At the same time, drivers would prefer IndyCar replace the Aeroscreen with an F1 developed Halo, which it should have done in the first place.

And don’t get me started on the physical danger to drivers when a heavier car impacts a wall versus a light one.  I have covered that several times over the years with a physics lesson on the forces involved in an accident, and it certainly is not better to have a heavier car.

In simple terms, compare the forces of a bird feather hitting a wall at 200mph versus a Sherman Tank.

IndyCar has now announced that it will delay the introduction of the hybrid technology.

That is the appropriate thing to do, but not necessarily for the reasons IndyCar gave – supply chain issues.

It’s time for Roger Penske and IndyCar to do the correct thing.  Bite the bullet and have Dallara design an entire new car to the latest design standards that will reduce the chassis weight and allow the 2.4L twin turbo V6 internal combustion engine, and hybrid internal energy recovery system to be engineered into a car that was designed for it from Day 1.

And the new car would be designed with a Halo, not an Aeroscreen.

How to help the teams financially

IndyCar wanted to take the piecemeal bastardized approach to upgrading its car to spread the costs out for the teams.

We have a better idea.

Introduce a brand spanking new car in 2025, complete with the new hybrid engine, and a Halo instead of the Aeroscreen, and arrange for a group financing deal for all the teams that spreads the cost of the new cars out over 3 to 5 years.

Do it the proper way and stop this piecemeal approach, that in the long run, costs more money and results in a less than perfect car that has to then be with the series for another 10 years.

With the Captain at the helm, the series is on an upswing. As a result, more sponsor money will be flowing into the sport and by 2025, the cost impact of rolling out an entire new car, with an attractive financing package, will be quite manageable for the teams.

And with any luck that third engine manufacturer that the series has attempted to land for almost 10-years now, will fall in their lap.

Build it and they will come

Manufacturers will begin to see the value they will be getting because almost all the races are now broadcast on network NBC TV  – something we have harped on from the day the first NBCSN contract was signed 14 years ago that made the series nearly invisible to the viewing public. You are already seeing the positive result of the move to Network TV. It will only get better. Too bad it took the series so long to listen to us.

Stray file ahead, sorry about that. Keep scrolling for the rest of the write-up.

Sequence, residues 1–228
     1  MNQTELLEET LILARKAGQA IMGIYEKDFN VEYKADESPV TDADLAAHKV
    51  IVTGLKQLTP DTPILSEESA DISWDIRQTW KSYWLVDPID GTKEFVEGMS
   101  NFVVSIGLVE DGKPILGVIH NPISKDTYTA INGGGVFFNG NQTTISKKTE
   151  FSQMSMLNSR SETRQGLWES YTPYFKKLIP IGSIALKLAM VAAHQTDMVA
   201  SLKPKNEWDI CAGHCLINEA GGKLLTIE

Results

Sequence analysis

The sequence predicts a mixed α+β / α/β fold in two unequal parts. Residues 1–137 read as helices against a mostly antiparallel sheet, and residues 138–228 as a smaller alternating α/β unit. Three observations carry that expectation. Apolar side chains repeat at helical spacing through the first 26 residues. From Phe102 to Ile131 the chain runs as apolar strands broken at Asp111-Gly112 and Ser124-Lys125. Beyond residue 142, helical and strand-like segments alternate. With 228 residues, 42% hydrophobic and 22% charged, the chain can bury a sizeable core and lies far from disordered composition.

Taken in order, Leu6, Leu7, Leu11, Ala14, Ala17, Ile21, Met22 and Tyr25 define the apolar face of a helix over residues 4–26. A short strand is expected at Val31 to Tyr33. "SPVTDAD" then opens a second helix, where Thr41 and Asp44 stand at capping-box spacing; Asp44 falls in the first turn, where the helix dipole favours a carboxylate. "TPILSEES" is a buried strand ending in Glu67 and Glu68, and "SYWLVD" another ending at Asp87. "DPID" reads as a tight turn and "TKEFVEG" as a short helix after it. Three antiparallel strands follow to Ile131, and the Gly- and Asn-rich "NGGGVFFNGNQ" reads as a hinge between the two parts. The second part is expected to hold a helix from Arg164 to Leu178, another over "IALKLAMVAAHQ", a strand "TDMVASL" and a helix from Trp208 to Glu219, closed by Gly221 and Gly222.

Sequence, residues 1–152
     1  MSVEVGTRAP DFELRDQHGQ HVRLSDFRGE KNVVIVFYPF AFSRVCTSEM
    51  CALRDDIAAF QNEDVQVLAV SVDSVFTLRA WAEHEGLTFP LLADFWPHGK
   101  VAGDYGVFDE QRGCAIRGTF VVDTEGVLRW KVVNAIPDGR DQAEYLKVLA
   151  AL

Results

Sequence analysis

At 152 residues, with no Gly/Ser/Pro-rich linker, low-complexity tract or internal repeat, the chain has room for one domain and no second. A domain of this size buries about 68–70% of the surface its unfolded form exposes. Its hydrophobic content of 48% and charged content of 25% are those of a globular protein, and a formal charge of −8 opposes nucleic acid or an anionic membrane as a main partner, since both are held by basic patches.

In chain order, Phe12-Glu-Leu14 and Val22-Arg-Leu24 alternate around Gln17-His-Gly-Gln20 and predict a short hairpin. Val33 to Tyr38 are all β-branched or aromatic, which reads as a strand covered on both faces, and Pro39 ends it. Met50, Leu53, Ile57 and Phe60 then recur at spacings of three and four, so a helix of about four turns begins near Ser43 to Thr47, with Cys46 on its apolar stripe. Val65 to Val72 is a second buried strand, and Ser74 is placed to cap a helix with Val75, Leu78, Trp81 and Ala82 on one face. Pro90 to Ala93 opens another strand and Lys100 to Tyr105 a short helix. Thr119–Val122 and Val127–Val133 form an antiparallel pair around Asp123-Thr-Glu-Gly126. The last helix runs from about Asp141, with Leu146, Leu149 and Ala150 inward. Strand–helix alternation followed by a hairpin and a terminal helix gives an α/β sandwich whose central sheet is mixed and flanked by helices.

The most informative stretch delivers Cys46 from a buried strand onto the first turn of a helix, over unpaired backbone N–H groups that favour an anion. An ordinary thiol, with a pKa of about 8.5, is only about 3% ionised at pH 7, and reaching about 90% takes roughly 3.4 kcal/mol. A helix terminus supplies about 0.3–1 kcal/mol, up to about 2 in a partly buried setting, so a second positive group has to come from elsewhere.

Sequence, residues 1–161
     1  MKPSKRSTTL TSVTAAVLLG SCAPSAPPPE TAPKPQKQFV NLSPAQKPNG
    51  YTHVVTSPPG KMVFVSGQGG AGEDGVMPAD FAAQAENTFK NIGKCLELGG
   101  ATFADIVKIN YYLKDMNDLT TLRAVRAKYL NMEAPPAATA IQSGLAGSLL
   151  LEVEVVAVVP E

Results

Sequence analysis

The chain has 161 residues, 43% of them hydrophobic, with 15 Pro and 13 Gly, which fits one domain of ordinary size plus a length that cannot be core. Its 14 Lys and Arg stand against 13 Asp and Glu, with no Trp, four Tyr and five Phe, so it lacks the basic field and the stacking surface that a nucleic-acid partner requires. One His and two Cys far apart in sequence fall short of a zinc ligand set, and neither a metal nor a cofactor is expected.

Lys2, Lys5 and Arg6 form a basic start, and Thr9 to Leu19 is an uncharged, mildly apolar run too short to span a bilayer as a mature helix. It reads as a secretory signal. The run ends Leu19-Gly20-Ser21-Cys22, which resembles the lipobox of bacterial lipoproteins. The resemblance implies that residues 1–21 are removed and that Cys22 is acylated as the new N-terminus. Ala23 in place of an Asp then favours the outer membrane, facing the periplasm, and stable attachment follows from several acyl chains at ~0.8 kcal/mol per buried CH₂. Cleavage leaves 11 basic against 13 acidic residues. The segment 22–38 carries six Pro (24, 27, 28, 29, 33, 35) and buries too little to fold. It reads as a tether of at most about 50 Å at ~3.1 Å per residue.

Add to that the wider international TV distribution thanks to ESPN International being back in the fold. IndyCar will grow its fan base much faster globally than if the focus remained domestic-only.

If the rumored IndyCar docu/reality TV series like F1’s Drive To Survive is a hit, IndyCar will start to skyrocket in popularity and manufacturers might be fighting over who will be that third manufacturer. Delaying the new car until 2025 gives more time for the IndyCar story to play out.

Hopefully, IndyCar will take my advice more seriously this time.  If so, I predict IndyCar will look back on their plan for a bastardized approach to a race car, and thank themselves in 5 years time for not taking a piecemeal approach.

They almost never work out the way you hoped.

Mark C. reporting for AutoRacing1.com

What do the driver’s think? (As told to Racer)


“We have an opportunity coming up in the next few years where IndyCar is on the rise, many people have interest in it, and it’s time for a new car when a new engine is coming out. All these safety things that we’ve added onto this DW12 car are amazing. The problem is this car wasn’t designed from zero with all these add-ons; we need a car that’s designed with all of this new stuff and all the safety stuff put in from the beginning. Everything is just going to get better. I understand it’s going to be a bit more cost, but I feel that for the long run, it’s definitely the way to go.

“I don’t think adding on more and more things to an already very heavy ‘Frankensteined’ car is gonna do the trick. And it just gets to the point where there’s nothing we do in the setup that helps you get rid of the plowing understeer in the corners. The thing just doesn’t go where you want it to go. You can influence it somewhat initially, with very fast turning to get the thing rotated as soon as you can, but in long-lasting quarters, you can’t do that or you’re going to be spinning off into the wall. There’s a hard balance to find there.

“When we’re adding so much more weight to the back of the car, that’s gonna oversaturate the tires to (beyond) what they’re capable of. That’s the issue that I see. We’re adding more power and weight, but we don’t have more tire. Lightness would help us.

“Like I said, I think the time is now for a new car. It’s time for a new era, together with the hybrid engine, with a new car, that’s created together with the aeroscreen. Build a package that’s built from zero together. You know, low, fat, fast and loud. That’s what we want.”


“This (DW12) car has been here since 2012. They did a great job, but in my opinion, if we’re going to do this new engine, we have to do it the right way.

“We’ve put the new safety panels on the side, we put the new aeroscreen on it, and we’ve done all these things. And then we add these 120 pounds, and maybe other stuff, which is a lot. But if we’re doing this engine, start fresh, start with a new car, so it can go for 10 more years in the future. So my opinion on that is start it right, do it right, go to the new chassis.”


“I love our current chassis, without a doubt, but I am certainly a fan of bringing on a new chassis sooner than later. So whenever that’s gonna fit into the timeline is not up to me, but I’m in the club of asking for it sooner than later.